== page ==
- Chipotle Salt: With flavored sea salts becoming so popular lately, you can save some money by just adding 1.5 to 2 tsp. of chipotle powder to 1 cup of sea salt. This along with a little freshly cracked pepper is a very simple seasoning for a great tasting steak.
- Chipotle Adobo Sauce: Add 1 tsp. of chipotle powder to 1/4 cup of ketchup to make your own great tasting chipotle adobo sauce.
- Pizza Sauce: Like the taste of wood oven pizza but lack the wood oven. Add a 1/2 tsp. of Chipotle powder to 1 cup of pizza sauce for a wood oven baked flavor.
- General: Add to soup, salsa, spaghetti, chili, tacos, salad, vegetables, breadsticks, sandwiches, or anything else you want to add a little spicy and smoky flavor.
As you can see this little spice is very versatile and has many uses on your outdoor grill and/or kitchen. Like most spices your chipotle powder should last for 12 months in a sealed container, but you can keep the flavors more potent by keeping the peppers intact and only grind them when you need to use it (or will use it in the next month or so).
After many suggestions that I should smoke my jalapeno peppers in comments of my making jalapeno pepper powder post, I decided to give it a try. After doing a little looking most recommendations say to use a new or very clean smoker so this eliminates using my propane grill as smoker and an excuse opportunity to make myself a smoker.
After a little research on the internet I determined my two potential proposed homemade smoker solutions.
First is Anton Brown’s flower pot smoker, which takes a couple of terra cotta pots and a 16 inch grill. This is electric powered using a hot plate topped with a pie pan full of wet wood chunks/chips.
The second design I liked was the aluminum trash can smoker design, which is basically the same idea as the flower pot design except (obviously) you use a garbage can instead of the flower pots. You use the hot plate and pie tin in the same manner.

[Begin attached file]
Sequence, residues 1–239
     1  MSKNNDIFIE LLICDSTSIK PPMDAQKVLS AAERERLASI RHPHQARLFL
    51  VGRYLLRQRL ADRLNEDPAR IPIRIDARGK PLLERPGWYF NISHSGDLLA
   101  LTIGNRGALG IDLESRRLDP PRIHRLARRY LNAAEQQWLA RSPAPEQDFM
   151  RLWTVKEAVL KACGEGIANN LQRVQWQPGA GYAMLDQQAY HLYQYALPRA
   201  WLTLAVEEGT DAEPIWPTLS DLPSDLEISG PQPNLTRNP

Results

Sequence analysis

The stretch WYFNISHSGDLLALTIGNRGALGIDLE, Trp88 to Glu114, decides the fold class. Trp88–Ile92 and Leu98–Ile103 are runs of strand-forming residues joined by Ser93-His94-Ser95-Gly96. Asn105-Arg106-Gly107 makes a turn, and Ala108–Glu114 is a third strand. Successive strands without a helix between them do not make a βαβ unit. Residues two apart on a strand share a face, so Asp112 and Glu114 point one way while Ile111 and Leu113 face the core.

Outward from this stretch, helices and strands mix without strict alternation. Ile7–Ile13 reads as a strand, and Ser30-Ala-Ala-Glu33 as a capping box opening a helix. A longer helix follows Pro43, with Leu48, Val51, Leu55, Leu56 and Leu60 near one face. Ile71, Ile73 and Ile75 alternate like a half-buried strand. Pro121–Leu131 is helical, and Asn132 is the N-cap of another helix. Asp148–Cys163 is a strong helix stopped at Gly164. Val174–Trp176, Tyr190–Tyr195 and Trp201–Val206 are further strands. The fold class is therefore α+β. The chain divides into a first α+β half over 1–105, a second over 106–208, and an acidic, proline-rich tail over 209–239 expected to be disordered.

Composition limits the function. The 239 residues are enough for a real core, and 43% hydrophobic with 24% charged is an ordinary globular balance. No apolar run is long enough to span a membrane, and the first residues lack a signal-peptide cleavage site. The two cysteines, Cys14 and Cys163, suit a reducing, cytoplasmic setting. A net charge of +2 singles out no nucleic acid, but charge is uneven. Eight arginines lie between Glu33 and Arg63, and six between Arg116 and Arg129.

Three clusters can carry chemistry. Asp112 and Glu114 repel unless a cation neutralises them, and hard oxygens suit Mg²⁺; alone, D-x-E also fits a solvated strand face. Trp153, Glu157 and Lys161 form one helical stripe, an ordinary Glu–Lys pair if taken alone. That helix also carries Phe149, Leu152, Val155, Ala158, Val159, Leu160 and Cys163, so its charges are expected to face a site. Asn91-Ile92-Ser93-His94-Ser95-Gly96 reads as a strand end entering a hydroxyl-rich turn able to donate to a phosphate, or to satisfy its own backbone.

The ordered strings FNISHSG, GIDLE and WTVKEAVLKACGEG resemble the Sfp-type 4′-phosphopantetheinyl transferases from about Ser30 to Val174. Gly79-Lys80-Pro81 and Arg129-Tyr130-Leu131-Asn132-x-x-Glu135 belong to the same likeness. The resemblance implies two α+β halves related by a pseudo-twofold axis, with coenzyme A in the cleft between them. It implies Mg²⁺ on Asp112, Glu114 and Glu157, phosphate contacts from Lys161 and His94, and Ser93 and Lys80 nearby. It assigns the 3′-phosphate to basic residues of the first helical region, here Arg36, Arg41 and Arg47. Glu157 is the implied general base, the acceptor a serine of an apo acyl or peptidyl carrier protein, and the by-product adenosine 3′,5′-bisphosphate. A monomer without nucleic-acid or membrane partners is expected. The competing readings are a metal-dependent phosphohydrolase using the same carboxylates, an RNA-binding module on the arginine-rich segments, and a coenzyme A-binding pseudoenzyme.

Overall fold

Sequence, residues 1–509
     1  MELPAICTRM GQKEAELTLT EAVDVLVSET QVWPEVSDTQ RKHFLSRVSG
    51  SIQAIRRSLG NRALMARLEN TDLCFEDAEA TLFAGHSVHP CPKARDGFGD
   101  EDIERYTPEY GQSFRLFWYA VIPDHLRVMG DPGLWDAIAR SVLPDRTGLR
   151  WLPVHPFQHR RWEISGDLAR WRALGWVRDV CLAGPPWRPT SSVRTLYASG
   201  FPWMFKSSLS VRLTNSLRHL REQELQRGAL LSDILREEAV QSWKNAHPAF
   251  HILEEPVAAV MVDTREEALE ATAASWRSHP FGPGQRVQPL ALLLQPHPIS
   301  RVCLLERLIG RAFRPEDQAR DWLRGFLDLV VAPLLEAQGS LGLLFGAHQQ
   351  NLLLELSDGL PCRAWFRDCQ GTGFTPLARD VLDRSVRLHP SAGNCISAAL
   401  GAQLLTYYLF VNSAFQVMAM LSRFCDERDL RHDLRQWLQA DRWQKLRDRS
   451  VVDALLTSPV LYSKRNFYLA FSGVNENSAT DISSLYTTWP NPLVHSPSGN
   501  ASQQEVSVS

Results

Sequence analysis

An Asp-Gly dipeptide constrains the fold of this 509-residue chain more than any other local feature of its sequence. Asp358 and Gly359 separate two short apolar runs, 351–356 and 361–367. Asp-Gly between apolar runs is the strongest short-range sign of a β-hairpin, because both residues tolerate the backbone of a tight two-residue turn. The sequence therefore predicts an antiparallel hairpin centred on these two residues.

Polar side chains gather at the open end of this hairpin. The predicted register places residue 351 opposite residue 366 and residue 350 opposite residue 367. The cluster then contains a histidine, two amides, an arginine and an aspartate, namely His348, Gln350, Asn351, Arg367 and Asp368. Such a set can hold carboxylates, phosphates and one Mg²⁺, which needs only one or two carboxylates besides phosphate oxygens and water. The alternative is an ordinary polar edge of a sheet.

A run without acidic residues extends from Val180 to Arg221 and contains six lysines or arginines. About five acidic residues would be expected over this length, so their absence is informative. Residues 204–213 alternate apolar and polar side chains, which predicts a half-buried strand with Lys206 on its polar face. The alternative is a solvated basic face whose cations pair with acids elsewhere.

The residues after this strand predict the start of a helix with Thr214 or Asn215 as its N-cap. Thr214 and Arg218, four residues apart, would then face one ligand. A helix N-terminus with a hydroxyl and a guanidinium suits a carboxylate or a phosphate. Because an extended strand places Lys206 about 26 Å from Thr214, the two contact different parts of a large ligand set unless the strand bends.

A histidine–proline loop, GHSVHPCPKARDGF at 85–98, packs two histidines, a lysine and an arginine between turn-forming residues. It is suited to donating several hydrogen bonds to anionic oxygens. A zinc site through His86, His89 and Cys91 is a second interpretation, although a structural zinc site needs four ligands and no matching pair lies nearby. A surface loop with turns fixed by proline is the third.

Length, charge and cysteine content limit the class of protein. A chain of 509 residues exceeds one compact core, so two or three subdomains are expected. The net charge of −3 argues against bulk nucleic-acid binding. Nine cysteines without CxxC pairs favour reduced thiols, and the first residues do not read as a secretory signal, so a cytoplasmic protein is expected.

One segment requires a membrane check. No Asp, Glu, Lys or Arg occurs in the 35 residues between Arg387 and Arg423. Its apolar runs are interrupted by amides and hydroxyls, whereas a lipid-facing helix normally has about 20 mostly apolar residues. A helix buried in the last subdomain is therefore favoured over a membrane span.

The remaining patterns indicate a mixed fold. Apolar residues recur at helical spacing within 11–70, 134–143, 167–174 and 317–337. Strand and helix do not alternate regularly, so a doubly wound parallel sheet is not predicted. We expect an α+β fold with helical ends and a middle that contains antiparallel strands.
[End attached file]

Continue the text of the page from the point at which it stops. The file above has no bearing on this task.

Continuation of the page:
Armed with my design ideas in my head I was off to my local home improvement store to pick up some materials. I first started with the flower pot design but I couldn’t find the azalea pot bug enough to cover the bottom terra cotta pot, nor a grill to fit. That along with the estimated prices being $60-70 dollars not even including the electric heater.
Optimistic I checked out the aluminum garbage cans, though there was a similar problem of not being able to find a grill to fit right. I thought about creating a couple supports using metal rods or attaching with a few pieces of wire. In the end the cost of the can/grill minus the electric heater was about $50-60 and I get the great aesthetics of a garbage can smoker in my back yard.
This led to my eventual purchase of the Brinkmann Smoke’N Grill Charcoal Smoker and Grill for $40 or as it is affectionately known online as the ECB (El Cheapo Brinkmann) Though not as DIY as the previous two versions but given it was cheaper, looks a little better in my backyard, and I have the option of cooking with charcoal seemed like the obvious choice.
Though the hacker in me could not resist making a couple of minor modifications. First I added a real thermometer given the Warm/Ideal/Hot was a little lacking in specific information.
Second I used some of my leftover wire from the construction of my soil sieve cut to size with the corners bent to elevate the charcoal about an inch from the bottom to allow the ashes to not smother the lit coals.
I completed the 2 hour curing process using charcoal and will be smoking some peppers this labor day weekend, so stay tuned.